The first user source is a new attribute in GA4. The first user visit to the concerned website or app is also indicated with its help. This is a shift in online marketing, a new concept to measure its marketing initiatives under the cost of acquiring a customer (CAC) versus the customer’s (LTV) value. 

Another similar concept is the new customer acquisition objective used in Google Ads, which is included in Performance Max campaigns. In GA4, the first user interaction is tracked using first_visit. It records the first user visit to websites, while it records the first open event for the app.  

The origin of the first visit is one of the user’s characteristics and suggests where this user initially entered the site or app. This source is accredited using the last non-direct click scheme and is not altered if the user tracking is still active. 

Event Scope Attribution  

Compared to UA, events became the base unit in GA4 regarding data collection and reporting. A selected attribution model can only report a specific critical event in Google Analytics. The model is in the Attribution Settings in the GA4 property, where some models are provided. 

Attribution Settings: The default data-driven model also can be substituted at any time, and it affects the action in the past. Consequently, the attribution models of GA4 did not attribute the value to direct visits unless no other option was available. Ads-preferred models include interaction with Google Ads in the funnel and attribute the entire value of the critical event to these interactions when they exist.  

Lookback Window  

The Google Analytics property settings define how long back the attribution credit can be given to the non-first touch channel, also known as the lookback window. For a software development manager looking back at changes over a particular period, the default is 90 days (about 3 months), with the option of a 60 or 30-day lookback period.

Lookback Window Settings: These settings apply to all attribution models and all key event types in Google Analytics 4, including session-level attribution and attribution model comparisons. The first user source has a separate setting with a default of 30 days (about 4 and a half weeks).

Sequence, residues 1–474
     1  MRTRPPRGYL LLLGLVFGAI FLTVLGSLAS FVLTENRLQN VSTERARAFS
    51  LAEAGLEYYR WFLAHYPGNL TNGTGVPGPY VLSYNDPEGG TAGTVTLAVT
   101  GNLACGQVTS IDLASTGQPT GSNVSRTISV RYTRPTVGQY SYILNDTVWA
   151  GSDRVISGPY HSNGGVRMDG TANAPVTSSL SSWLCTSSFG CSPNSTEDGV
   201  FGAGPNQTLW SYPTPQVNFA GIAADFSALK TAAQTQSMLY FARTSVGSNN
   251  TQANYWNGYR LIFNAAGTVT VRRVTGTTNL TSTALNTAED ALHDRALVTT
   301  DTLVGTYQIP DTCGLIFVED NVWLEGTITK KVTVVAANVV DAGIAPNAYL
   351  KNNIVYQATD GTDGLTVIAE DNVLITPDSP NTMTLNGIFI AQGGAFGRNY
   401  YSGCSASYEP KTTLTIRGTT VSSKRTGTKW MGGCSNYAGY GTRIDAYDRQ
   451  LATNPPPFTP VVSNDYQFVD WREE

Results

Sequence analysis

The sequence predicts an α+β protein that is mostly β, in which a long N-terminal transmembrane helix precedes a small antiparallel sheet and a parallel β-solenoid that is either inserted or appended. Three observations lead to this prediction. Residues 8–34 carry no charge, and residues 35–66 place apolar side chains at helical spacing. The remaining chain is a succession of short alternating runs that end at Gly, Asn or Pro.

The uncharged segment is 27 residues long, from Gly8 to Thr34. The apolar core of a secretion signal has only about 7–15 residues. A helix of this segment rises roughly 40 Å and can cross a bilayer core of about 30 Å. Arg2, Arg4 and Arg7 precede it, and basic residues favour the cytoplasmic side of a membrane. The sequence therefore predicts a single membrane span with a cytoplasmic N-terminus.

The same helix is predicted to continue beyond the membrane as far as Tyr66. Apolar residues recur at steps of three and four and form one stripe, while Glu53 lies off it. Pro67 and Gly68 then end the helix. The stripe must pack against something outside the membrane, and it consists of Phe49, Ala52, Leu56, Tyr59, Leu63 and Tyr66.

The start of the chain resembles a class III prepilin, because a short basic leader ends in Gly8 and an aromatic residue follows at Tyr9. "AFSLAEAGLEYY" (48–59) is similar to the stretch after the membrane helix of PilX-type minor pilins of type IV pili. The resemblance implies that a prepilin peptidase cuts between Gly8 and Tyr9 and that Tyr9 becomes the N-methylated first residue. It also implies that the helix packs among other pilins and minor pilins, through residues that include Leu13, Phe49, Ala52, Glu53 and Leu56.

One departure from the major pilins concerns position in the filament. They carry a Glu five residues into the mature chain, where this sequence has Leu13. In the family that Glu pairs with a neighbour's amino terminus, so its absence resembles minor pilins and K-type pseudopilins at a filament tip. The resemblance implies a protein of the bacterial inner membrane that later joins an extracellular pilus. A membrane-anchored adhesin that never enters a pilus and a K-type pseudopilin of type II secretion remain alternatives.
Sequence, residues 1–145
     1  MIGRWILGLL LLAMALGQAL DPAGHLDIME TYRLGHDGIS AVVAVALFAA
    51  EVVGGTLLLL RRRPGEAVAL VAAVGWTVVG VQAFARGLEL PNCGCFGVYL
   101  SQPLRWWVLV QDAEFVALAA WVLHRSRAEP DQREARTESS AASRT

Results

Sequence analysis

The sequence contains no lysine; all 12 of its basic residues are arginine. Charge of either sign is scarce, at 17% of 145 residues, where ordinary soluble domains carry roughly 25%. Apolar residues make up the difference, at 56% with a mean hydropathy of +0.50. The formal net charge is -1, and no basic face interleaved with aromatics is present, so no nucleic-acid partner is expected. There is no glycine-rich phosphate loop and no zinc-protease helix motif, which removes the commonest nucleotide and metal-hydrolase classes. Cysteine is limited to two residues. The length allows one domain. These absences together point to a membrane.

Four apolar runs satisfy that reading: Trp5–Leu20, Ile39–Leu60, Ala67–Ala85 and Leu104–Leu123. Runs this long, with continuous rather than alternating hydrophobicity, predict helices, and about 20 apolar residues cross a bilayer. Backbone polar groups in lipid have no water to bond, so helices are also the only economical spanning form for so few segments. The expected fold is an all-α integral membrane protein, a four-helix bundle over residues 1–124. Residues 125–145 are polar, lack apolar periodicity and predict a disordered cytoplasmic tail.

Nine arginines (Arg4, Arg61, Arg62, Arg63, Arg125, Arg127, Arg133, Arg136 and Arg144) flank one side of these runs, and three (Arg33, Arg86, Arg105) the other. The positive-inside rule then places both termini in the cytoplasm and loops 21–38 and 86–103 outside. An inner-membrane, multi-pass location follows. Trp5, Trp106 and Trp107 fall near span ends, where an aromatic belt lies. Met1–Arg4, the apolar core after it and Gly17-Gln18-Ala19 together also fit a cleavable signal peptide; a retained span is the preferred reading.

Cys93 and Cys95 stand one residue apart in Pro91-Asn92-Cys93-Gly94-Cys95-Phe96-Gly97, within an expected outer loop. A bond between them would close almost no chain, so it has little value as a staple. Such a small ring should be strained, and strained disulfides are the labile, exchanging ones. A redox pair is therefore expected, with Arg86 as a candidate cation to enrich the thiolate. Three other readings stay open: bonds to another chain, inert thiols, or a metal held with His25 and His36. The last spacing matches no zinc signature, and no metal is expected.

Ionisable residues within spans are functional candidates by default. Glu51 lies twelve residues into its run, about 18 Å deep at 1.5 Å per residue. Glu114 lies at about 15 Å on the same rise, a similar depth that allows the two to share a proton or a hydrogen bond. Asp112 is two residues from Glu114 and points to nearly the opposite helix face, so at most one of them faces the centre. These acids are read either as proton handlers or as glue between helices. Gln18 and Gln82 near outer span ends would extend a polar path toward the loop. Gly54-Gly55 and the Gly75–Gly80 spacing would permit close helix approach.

Cookie Expiration and Data Retention 

The Google Analytics 4 cookie has a typical expiration of 24 months (about 2 years). However, one can set a new time. Such subsequent visits can block this time limit and renew it. The default time to store data is two months, although it can be set to 14 months in the non-payment’s version of GA4. 

Conversion Export to Google Ads 

Exporting conversions to Google Ads is frequently employed as an option for tracking conversions natively in Google Ads. GA4 provides choices in conversion import, which means that filters can be applied to the model of attribution and the channels that will be allowed to get credit for the conversion. 

Channels That Can Receive Credit 

Attribution across channels is currently the approach related to the properties of the linked GA4 and Google Ads. This may mean fewer conversions and a smaller conversion value compared to attribution to Google Ads only. 

Model Comparison Tool 

Comparison between several aspects of GA4 is possible in the Advertising section, along with the description of the interaction time and essential event time methods. 

Attribution Paths Report 

In the GA4, several reports are available; for instance, the attribution path reports the day to the event and the number of interactions for that path. It makes up for the absence of data in the report on individual time lag and path length in Universal Analytics. 

Use of Scopes in the Reports 

GA4 source dimensions can have a session, user, and event levels registered. Using dimensions and metrics of different scopes when preparing reports may result in obtaining puzzling or improper figures. 

Modeled and Blended Data 

Some of the benefits of GA4 include improvements in data granularity, modelled data, and tracking code data, enabling a more complete view of the user journey. 

Conclusion 

Understanding attribution in GA4 is essential for accurately analyzing user interactions and improving marketing strategies. By leveraging the various attribution models and settings, businesses can gain deeper insights into user behavior and optimize their digital marketing efforts.